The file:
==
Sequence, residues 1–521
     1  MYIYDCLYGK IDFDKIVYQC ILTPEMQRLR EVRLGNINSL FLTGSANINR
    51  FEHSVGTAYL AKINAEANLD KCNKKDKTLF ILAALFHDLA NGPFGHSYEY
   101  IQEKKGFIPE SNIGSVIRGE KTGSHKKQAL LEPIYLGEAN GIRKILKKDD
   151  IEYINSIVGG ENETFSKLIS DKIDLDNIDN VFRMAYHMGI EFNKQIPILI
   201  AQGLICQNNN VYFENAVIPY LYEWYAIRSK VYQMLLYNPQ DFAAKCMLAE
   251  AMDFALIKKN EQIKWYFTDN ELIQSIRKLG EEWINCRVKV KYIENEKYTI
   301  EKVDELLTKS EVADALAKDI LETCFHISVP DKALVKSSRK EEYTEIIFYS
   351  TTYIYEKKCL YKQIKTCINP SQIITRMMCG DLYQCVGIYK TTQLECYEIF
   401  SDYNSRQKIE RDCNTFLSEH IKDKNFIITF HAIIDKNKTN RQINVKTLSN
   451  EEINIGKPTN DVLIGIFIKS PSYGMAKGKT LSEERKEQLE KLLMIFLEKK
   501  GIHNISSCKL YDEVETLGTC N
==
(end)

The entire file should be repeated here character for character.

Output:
Sequence, residues 1–521
     1  MYIYDCLYGK IDFDKIVYQC ILTPEMQRLR EVRLGNINSL FLTGSANINR
    51  FEHSVGTAYL AKINAEANLD KCNKKDKTLF ILAALFHDLA NGPFGHSYEY
   101  IQEKKGFIPE SNIGSVIRGE KTGSHKKQAL LEPIYLGEAN GIRKILKKDD
   151  IEYINSIVGG ENETFSKLIS DKIDLDNIDN VFRMAYHMGI EFNKQIPILI
   201  AQGLICQNNN VYFENAVIPY LYEWYAIRSK VYQMLLYNPQ DFAAKCMLAE
   251  AMDFALIKKN EQIKWYFTDN ELIQSIRKLG EEWINCRVKV KYIENEKYTI
   301  EKVDELLTKS EVADALAKDI LETCFHISVP DKALVKSSRK EEYTEIIFYS
   351  TTYIYEKKCL YKQIKTCINP SQIITRMMCG DLYQCVGIYK TTQLECYEIF
   401  SDYNSRQKIE RDCNTFLSEH IKDKNFIITF HAIIDKNKTN RQINVKTLSN
   451  EEINIGKPTN DVLIGIFIKS PSYGMAKGKT LSEERKEQLE KLLMIFLEKK
   501  GIHNISSCKL YDEVETLGTC N